The Winchcombe fireball—that lucky survivor

McMullan, S. et al. (2023) The Winchcombe fireball—that lucky survivor. Meteoritics and Planetary Science, (doi: 10.1111/maps.13977) (Early Online Publication)

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On February 28, 2021, a fireball dropped ∼0.6 kg of recovered CM2 carbonaceous chondrite meteorites in South-West England near the town of Winchcombe. We reconstruct the fireball's atmospheric trajectory, light curve, fragmentation behavior, and pre-atmospheric orbit from optical records contributed by five networks. The progenitor meteoroid was three orders of magnitude less massive (∼13 kg) than any previously observed carbonaceous fall. The Winchcombe meteorite survived entry because it was exposed to a very low peak atmospheric dynamic pressure (∼0.6 MPa) due to a fortuitous combination of entry parameters, notably low velocity (13.9 km s−1). A near-catastrophic fragmentation at ∼0.07 MPa points to the body's fragility. Low entry speeds which cause low peak dynamic pressures are likely necessary conditions for a small carbonaceous meteoroid to survive atmospheric entry, strongly constraining the radiant direction to the general antapex direction. Orbital integrations show that the meteoroid was injected into the near-Earth region ∼0.08 Myr ago and it never had a perihelion distance smaller than ∼0.7 AU, while other CM2 meteorites with known orbits approached the Sun closer (∼0.5 AU) and were heated to at least 100 K higher temperatures.

Item Type:Articles
Additional Information:STFC are acknowledged for supporting the "Curation and Preliminary Examination of the Winchcombe Carbonaceous Chondrite Fall" project (ST/V000799/1), and Natural History Museum staff for curatorial support. The Curtin University authors acknowledge their contribution was made possible by the Australian Research Council as part of the Australian Discovery Project scheme (DP170102529, DP200102073), the Linkage Infrastructure, Equipment and Facilities scheme (LE170100106), and through institutional support from Curtin University. The Global Fireball Observatory data reduction is supported by resources provided by the Pawsey Supercomputing Centre with funding from the Australian Government and the Government of Western Australia, and makes intensive use of Astropy, a community-developed core Python package for Astronomy (Astropy Collaboration et al. 2013). This project has received funding from the European Union's Horizon 2020 research and innovation programme under the Marie Sklodowska-Curie grant agreement No 945298. DV was funded by the NASA Meteoroid Environment Office under cooperative agreement 80NSSC21M0073. Several authors acknowledge funding from UK Science and Technology Facilities Council; SM and GSC ST/S0000615/1, LD ST/T002328/1, and KJ ST/R000751/1. AK is funded by UK Research and Innovation Grant MR/T020261/1. LD thanks a University of Glasgow COVID-19-Research Support Scheme grant.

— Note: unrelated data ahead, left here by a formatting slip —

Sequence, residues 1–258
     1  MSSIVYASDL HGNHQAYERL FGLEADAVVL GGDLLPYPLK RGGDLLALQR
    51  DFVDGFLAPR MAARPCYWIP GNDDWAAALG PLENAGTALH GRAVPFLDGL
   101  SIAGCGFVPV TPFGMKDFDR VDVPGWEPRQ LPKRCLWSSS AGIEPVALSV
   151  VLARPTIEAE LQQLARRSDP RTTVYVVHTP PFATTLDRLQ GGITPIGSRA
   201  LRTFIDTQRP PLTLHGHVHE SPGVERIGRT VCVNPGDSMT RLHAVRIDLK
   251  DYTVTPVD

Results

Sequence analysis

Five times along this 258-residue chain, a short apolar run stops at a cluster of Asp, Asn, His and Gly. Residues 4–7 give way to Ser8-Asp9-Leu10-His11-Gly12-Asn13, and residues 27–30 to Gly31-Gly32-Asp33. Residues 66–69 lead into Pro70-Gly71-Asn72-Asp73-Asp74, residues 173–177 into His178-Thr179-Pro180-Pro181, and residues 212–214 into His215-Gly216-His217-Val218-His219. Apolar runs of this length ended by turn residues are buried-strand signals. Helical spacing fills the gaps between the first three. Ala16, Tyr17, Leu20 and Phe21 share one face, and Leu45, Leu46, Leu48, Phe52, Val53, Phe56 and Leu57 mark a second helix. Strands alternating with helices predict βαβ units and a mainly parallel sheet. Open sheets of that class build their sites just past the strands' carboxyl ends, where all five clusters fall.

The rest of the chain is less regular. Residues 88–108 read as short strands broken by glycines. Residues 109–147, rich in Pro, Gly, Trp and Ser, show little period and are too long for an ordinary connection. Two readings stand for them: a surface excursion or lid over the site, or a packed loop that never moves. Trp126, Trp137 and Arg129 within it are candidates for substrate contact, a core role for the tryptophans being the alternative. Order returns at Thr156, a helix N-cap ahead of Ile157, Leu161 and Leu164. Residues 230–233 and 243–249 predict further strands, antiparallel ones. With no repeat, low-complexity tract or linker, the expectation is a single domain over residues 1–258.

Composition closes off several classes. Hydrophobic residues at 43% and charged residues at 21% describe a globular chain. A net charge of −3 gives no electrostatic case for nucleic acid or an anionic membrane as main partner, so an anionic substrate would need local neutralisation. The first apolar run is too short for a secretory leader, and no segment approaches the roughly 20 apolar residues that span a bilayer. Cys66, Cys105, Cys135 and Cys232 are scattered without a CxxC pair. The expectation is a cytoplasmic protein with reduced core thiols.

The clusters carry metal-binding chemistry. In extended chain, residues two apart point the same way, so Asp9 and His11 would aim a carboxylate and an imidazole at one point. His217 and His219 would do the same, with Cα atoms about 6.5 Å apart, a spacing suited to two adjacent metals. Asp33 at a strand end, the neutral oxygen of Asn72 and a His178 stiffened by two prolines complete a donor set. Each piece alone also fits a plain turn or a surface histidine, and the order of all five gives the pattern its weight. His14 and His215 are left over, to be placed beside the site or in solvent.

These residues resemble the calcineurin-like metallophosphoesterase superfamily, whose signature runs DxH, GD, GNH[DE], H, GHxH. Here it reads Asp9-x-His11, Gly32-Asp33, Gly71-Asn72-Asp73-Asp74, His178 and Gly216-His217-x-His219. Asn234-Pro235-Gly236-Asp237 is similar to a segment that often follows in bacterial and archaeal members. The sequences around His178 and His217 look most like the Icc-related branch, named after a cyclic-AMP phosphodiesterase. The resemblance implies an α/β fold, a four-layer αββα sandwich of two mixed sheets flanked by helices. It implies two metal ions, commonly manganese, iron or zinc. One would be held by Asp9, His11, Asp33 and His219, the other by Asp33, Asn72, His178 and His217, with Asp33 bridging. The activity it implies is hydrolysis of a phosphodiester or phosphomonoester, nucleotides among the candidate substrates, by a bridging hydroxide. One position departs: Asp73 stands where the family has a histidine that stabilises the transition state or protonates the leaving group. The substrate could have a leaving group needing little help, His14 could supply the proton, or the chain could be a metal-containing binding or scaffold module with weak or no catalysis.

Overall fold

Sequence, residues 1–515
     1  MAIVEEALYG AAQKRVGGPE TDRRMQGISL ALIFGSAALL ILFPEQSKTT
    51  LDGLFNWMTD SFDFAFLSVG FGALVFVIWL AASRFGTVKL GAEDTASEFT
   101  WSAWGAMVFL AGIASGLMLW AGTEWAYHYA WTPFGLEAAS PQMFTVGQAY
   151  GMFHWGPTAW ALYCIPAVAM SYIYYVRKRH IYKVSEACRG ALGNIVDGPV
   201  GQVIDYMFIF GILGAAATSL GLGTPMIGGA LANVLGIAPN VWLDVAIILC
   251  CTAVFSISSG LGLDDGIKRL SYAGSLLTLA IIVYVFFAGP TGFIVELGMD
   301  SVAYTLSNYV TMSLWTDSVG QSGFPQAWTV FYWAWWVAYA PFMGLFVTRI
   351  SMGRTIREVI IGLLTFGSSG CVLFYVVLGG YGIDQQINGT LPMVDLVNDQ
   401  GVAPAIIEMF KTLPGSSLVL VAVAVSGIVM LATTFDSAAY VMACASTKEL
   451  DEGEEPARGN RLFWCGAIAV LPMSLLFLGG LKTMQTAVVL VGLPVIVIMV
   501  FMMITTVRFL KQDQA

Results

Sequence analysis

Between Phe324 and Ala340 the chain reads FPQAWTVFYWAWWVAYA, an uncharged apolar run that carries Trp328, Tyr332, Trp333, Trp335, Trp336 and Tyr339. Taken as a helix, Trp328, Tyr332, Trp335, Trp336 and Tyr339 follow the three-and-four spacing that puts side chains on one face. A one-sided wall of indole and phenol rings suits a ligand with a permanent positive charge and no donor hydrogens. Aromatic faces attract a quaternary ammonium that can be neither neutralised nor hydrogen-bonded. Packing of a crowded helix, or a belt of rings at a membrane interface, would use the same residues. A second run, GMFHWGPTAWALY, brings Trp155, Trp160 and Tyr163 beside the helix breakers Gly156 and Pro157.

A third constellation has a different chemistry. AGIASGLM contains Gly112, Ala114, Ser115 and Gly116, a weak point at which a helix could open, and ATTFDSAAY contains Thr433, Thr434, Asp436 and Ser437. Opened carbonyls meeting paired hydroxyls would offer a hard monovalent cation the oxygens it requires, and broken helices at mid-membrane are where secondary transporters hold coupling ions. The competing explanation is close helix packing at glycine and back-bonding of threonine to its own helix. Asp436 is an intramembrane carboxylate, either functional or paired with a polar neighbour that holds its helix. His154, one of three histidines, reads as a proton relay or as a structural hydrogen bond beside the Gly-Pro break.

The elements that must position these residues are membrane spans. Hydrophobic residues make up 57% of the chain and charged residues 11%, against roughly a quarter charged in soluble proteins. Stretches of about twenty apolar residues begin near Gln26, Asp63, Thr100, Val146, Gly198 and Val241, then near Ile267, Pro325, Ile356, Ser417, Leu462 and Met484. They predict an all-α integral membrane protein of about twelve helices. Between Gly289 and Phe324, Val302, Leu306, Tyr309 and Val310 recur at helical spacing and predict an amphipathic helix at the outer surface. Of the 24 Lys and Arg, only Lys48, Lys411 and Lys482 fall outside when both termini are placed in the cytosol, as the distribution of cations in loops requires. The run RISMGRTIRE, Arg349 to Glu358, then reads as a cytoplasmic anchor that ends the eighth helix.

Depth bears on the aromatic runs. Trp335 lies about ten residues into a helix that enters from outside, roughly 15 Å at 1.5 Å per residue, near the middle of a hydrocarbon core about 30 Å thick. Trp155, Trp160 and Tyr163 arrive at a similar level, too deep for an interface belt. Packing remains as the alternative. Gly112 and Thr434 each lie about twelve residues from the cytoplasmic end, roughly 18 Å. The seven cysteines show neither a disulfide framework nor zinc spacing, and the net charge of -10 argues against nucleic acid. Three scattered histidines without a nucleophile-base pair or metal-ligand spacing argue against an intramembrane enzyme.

Status:Early Online Publication
Glasgow Author(s) Enlighten ID:Daly, Dr Luke and O'Brien, Ms Aine
Authors: McMullan, S., Vida, D., Devillepoix, H. A.R., Rowe, J., Daly, L., King, A. J., Cupák, M., Howie, R. M., Sansom, E. K., Shober, P., Towner, M. C., Anderson, S., McFadden, L., Horák, J., Smedley, A. R.D., Joy, K. H., Shuttleworth, A., Colas, F., Zanda, B., O'Brien, Á., McMullan, I., Shaw, C., Suttle, A., Suttle, M. D., Young, J. S., Campbell-Burns, P., Kacerek, R., Bassom, R., Bosley, S., Fleet, R., Jones, D., McIntyre, M., James, N., Robson, D., Dickinson, P., Bland, P. A., and Collins, G. S.
College/School:College of Science and Engineering > Scottish Universities Environmental Research Centre
Journal Name:Meteoritics and Planetary Science
ISSN (Online):1945-5100
Published Online:10 May 2023
Copyright Holders:Copyright © 2023 The Authors
First Published:First published in Meteoritics and Planetary Science 2023
Publisher Policy:Reproduced under a Creative Commons License
Data DOI:10.5281/zenodo.6685719

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Project CodeAward NoProject NamePrincipal InvestigatorFunder's NameFunder RefLead Dept
308251UK leadership in extraterrestrial sample returnMartin LeeScience and Technology Facilities Council (STFC)ST/T002328/1P&S - Physics & Astronomy